The tempestuous love story between Fernando, an older man who has recently returned to his crime-ridden drug capitol hometown of Medellin, Colombia and the gun-happy 16-year-old assassin ... See full summary »
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Robert Jan Westdijk
Medellín, 1989. Antonio brings Rosario to the hospital; she's shot, bleeding badly. Flashbacks, mixed with Antonio's wait at the hospital during her surgery, tell the story: Antonio and ... See full summary »
The tempestuous love story between Fernando, an older man who has recently returned to his crime-ridden drug capitol hometown of Medellin, Colombia and the gun-happy 16-year-old assassin Alexis, who murders all too easily. When Alexis himself is fatally gunned down, grief-stricken Fernando hunts for his young lover's killer in the Medellin slums, but instead encounters Wilmar, who bears an uncanny resemblance to Alexis. Written by
Sujit R. Varma
This is one of those movies that you're wary about, because the criticisms are so obvious. Yet I think this is something close to a minor masterpiece. This is quite rich material -- very literary, in a way -- and the invoking of Catholicism (and, for me, Genet) through the title is apt, for the way it delves into accepted perversions. At first I was wondering what the much-discussed shocking aspect of the film was, thinking perhaps it was the (would-be) sensuousness of this Latin boy-lover (the shared drink is not something you'd get in common fare), but it seems like it's more the violence that people react (or object) to. While it didn't upset me, I think the violence is interesting in two ways: one, the digital video makes the dispassionate killings have little impact, because it makes the film seem somewhat amateurish (with aid of the acting), like a genre film made on a shoestring budget; and two, the film as a whole is anti-dramatic -- for instance, when the revelation occurs, in a dramatized film it would be devastating: the truth of your lover revealed, and the swirl of emotions it creates; here, nothing -- so there is no cathartic violence (as in "The Godfather," for example), and it isn't lush. But it isn't brutal, either -- you don't get your nose rubbed in it, and I cherished that generosity to the audience.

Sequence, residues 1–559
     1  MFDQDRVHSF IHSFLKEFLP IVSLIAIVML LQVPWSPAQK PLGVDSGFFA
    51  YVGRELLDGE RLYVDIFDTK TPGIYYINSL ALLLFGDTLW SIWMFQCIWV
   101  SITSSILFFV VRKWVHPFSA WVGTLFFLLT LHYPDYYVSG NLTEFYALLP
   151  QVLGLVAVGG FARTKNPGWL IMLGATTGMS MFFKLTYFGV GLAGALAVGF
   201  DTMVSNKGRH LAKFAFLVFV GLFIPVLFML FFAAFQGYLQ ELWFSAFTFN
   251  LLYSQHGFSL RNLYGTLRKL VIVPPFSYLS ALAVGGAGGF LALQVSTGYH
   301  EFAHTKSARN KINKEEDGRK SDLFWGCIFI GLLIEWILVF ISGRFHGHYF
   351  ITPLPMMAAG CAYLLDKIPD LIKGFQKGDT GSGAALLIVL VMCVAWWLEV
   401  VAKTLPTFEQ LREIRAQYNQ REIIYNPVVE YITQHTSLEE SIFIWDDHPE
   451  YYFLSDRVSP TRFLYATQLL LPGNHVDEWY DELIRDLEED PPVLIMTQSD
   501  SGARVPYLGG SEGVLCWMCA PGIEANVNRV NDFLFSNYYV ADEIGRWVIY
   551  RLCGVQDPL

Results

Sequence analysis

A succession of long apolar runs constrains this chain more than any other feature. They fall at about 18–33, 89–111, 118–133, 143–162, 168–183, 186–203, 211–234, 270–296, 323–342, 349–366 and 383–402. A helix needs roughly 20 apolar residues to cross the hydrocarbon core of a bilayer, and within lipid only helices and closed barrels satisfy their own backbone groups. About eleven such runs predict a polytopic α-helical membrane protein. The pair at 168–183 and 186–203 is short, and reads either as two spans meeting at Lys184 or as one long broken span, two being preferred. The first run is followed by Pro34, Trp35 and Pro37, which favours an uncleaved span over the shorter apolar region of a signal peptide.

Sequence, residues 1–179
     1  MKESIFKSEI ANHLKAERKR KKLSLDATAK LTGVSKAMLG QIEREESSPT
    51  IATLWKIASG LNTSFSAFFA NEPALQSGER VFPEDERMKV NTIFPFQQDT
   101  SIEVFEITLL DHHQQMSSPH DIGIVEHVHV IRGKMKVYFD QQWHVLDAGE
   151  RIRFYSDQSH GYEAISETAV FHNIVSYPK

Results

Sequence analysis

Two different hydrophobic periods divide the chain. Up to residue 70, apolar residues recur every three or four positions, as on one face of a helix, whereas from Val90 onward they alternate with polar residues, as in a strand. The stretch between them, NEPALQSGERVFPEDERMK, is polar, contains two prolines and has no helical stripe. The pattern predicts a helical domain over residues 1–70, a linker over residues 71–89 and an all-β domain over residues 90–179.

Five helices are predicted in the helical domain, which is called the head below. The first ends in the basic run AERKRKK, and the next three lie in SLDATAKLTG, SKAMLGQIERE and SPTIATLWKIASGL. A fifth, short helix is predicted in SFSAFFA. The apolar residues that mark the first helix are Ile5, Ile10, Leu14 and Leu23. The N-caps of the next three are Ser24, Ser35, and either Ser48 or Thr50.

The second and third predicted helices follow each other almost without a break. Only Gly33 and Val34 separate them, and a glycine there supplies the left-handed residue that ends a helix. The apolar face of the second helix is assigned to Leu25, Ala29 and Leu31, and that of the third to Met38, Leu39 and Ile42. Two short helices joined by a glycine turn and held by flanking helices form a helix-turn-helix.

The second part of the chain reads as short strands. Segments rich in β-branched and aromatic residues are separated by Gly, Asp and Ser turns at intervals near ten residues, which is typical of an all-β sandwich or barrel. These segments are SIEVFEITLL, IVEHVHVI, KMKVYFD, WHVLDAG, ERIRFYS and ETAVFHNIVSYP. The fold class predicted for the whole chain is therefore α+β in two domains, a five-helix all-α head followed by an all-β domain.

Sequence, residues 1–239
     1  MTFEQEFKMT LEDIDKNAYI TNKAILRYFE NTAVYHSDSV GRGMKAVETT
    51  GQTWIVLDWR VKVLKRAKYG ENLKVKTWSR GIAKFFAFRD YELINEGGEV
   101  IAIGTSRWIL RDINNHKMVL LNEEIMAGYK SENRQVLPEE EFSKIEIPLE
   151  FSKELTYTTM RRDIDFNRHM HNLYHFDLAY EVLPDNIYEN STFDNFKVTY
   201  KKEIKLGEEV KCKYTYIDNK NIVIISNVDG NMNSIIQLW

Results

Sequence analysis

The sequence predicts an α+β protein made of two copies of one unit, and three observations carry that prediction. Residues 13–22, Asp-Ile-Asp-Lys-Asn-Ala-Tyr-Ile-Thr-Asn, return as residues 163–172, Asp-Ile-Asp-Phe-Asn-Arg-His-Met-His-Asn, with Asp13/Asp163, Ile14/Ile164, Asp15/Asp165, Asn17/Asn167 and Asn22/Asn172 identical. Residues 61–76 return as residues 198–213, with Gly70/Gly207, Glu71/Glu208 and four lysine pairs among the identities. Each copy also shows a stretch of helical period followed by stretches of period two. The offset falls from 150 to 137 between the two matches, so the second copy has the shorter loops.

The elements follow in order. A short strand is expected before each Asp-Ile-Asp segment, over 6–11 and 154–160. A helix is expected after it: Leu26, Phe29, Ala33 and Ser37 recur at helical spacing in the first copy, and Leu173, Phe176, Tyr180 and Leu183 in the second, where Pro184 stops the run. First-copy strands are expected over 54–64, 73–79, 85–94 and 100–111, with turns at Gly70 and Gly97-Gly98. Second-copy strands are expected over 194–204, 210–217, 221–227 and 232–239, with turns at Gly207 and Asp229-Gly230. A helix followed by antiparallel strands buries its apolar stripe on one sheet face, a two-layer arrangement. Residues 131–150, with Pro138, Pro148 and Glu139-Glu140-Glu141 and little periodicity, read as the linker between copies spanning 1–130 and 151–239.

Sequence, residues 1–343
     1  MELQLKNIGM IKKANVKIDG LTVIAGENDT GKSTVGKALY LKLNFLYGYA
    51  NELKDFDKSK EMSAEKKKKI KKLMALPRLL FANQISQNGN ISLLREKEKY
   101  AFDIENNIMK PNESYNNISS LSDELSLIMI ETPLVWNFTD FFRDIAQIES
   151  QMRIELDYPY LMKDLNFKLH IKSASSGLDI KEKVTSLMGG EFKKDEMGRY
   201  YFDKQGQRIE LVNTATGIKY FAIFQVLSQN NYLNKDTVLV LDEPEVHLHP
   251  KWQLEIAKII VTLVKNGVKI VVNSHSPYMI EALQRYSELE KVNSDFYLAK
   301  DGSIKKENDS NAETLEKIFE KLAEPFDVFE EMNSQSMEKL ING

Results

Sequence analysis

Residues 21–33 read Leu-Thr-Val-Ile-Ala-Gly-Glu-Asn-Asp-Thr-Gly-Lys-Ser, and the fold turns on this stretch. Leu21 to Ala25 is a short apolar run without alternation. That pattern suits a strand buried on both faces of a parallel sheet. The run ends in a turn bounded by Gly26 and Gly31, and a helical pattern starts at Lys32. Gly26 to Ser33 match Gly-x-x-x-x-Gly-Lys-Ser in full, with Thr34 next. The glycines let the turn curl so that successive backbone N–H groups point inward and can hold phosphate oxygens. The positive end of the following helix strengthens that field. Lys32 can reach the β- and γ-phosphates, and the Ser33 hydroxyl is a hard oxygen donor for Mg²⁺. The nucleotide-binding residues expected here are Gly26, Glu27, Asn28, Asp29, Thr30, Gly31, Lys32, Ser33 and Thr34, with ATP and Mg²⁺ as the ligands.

The digital also helps keep the film grounded -- the only really attention-grabbing aspects of the film, as cinema, are the opening and closing framing of very beautiful music, and one nice over-the-wall camera move. It's like a cleverer "Man Bites Dog," in the sense that this *doesn't* draw attention to itself, that there is no winking or overt displays of cleverness. The film as a whole is subtle (at one point it feels like magic realism, even though we are told, I guess, that it's not), even though individual scenes are not (that the euthanizing of the dog is the only killing that has feeling is very heavy-handed). It's also incredibly easy to watch, and I think that must be due in part because the digital -- clear, crisp, and clean, with a smooth lucidity -- helps you seep into the film quicker, without any fuss. Indeed, without any film atmosphere at all. 9/10
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